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Detail

Thomas Grunt
A.Univ.-Prof. Dr. Thomas Grunt, M.Sc.Director of Cell Signaling Networks Program, Vice Director of Ludwig Boltzmann Cluster Oncology, Coordinator of CCC Research Cluster 6 'Cell Signaling and Metabolism'

Department of Medicine I (Division of Oncology)
Position: Associate Professor

ORCID: 0000-0002-9899-5063
T +43 1 40400 54570
thomas.grunt@meduniwien.ac.at

Further Information

Keywords

Breast Neoplasms; Lipid Metabolism; Lipogenesis; Molecular Targeted Therapy; Ovarian Neoplasms; Receptor, Epidermal Growth Factor; Receptor, erbB-2; Receptor, erbB-3

Research group(s)

  • Signaling Networks Program

Research interests

Using in vitro ovarian cancer models we are investigating mitogenic and anti-apoptotic ErbB/PI3K/AKT/mTOR signaling and lipogenic fatty acid synthase (FASN) pathways. These pathways are activated in most ovarian cancers and control crucial cell regulatory processes such as proliferation, growth, differentiation, apoptosis and energy balance. Clinical interest is currently focused on targeting molecular constituents that direct the activity of these pathways in order to prevent and/or treat malignant diseases. Recent data demonstrate that oncogenic signaling and metabolic regulation are closely interacting with each other in cancer cells. Both systems are harboring a host of promising anti-cancer drug targets. Our studies aim to elucidate the molecular mechanisms of interaction between signaling and metabolic systems and to demonstrate a potential benefit of combined anti-ErbB/PI3K/AKT/mTOR and anti-FASN targeted approaches for the treatment of ovarian cancer.

Techniques, methods & infrastructure

Various models for human ovarian carcinomas as well as immortalized premalignant and nonmalignant human precursor cells are used for in vitro analysis of the role of ErbB/PI3K/mTOR- and FASN-pathways during carcinogenesis and progression. A broad spectrum of biochemical, cell and molecular biological techniques are being used including cell culture, assays for cell growth- and apoptosis-detection, ELISA, immunofluorescence, proteomics, metabolomics, lipidomics, Western blotting, cDNA transfection, RNA interference, qPCR etc.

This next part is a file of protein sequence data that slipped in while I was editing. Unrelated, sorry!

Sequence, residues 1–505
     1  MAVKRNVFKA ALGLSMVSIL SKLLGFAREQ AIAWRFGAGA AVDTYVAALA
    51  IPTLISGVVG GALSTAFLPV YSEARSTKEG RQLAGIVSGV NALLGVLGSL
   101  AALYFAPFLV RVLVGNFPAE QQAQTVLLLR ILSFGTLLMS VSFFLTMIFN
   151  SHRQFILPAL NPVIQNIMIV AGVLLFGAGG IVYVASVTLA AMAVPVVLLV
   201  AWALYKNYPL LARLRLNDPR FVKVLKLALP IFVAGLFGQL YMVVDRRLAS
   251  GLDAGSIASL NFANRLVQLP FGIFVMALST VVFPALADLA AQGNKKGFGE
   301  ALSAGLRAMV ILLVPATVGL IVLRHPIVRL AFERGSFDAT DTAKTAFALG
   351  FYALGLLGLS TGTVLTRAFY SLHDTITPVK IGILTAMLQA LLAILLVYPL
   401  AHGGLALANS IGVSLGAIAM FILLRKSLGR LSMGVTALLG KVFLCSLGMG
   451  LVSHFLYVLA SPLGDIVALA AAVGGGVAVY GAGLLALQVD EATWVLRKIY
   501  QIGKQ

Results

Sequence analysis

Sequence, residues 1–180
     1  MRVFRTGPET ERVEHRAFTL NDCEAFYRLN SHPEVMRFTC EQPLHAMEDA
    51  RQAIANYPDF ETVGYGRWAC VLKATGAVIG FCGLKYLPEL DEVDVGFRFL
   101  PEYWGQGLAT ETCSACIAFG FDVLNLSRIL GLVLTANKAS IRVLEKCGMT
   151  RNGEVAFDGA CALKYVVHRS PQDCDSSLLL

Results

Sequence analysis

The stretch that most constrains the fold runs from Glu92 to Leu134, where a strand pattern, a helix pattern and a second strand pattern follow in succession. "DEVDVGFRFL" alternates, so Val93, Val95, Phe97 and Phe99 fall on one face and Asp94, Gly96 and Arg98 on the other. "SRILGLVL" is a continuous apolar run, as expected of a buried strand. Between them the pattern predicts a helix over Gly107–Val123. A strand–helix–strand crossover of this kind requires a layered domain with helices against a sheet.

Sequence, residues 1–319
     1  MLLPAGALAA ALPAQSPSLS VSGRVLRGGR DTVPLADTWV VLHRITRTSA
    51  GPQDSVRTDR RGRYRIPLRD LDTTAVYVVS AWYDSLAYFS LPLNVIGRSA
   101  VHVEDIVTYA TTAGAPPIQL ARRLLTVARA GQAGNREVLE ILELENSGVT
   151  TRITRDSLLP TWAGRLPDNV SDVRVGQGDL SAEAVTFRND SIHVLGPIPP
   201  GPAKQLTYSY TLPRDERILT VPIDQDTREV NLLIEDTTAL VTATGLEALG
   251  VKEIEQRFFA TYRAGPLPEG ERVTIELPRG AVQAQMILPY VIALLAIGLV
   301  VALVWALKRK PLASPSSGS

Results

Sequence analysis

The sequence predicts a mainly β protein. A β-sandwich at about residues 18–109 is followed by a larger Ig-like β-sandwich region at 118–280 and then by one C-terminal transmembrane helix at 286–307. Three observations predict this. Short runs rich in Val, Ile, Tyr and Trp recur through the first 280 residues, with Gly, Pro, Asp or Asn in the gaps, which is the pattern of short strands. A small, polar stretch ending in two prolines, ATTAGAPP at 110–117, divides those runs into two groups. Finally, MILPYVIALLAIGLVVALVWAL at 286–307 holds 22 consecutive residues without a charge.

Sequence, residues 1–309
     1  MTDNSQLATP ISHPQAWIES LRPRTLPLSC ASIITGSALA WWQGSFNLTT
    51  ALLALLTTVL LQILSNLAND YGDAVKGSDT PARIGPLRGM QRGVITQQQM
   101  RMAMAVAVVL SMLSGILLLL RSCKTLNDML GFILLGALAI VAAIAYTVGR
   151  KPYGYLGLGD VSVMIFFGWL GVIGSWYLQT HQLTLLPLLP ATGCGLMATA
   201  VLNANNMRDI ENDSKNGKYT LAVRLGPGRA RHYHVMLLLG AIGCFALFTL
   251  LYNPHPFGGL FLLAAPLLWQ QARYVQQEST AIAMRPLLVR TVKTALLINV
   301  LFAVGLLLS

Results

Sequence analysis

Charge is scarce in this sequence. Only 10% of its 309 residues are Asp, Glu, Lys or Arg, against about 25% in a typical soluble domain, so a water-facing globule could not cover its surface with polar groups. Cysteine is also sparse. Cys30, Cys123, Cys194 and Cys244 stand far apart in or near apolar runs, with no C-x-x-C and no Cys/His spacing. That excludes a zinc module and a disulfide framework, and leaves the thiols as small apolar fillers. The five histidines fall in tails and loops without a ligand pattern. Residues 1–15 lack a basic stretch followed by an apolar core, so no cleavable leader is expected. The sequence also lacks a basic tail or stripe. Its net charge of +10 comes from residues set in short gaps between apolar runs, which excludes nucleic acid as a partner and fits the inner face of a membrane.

Selected publications

  1. Veigel, D. et al., 2014. Fatty acid synthase is a metabolic marker of cell proliferation rather than malignancy in ovarian cancer and its precursor cells. Int. J. Cancer, 136(9), pp.2078-2090. Available at: http://dx.doi.org/10.1002/ijc.29261.
  2. Grunt TW, Mariani GL. Novel approaches for molecular targeted therapy of breast cancer: interfering with PI3K/AKT/mTOR signaling. Curr Cancer Drug Targets. 2013 Feb;13(2):188-204.
  3. Tomek, K. et al., 2011. Blockade of Fatty Acid Synthase Induces Ubiquitination and Degradation of Phosphoinositide-3-Kinase Signaling Proteins in Ovarian Cancer. Molecular Cancer Research, 9(12), pp.1767-1779. Available at: http://dx.doi.org/10.1158/1541-7786.MCR-10-0467.
  4. Brünner-Kubath, C. et al., 2010. The PI3 kinase/mTOR blocker NVP-BEZ235 overrides resistance against irreversible ErbB inhibitors in breast cancer cells. Breast Cancer Research and Treatment, 129(2), pp.387-400. Available at: http://dx.doi.org/10.1007/s10549-010-1232-1.
  5. Offterdinger M, Schöfer C, Weipoltshammer K, Grunt TW. c-erbB-3: a nuclear protein in mammary epithelial cells. J Cell Biol. 2002 Jun 10;157(6):929-39.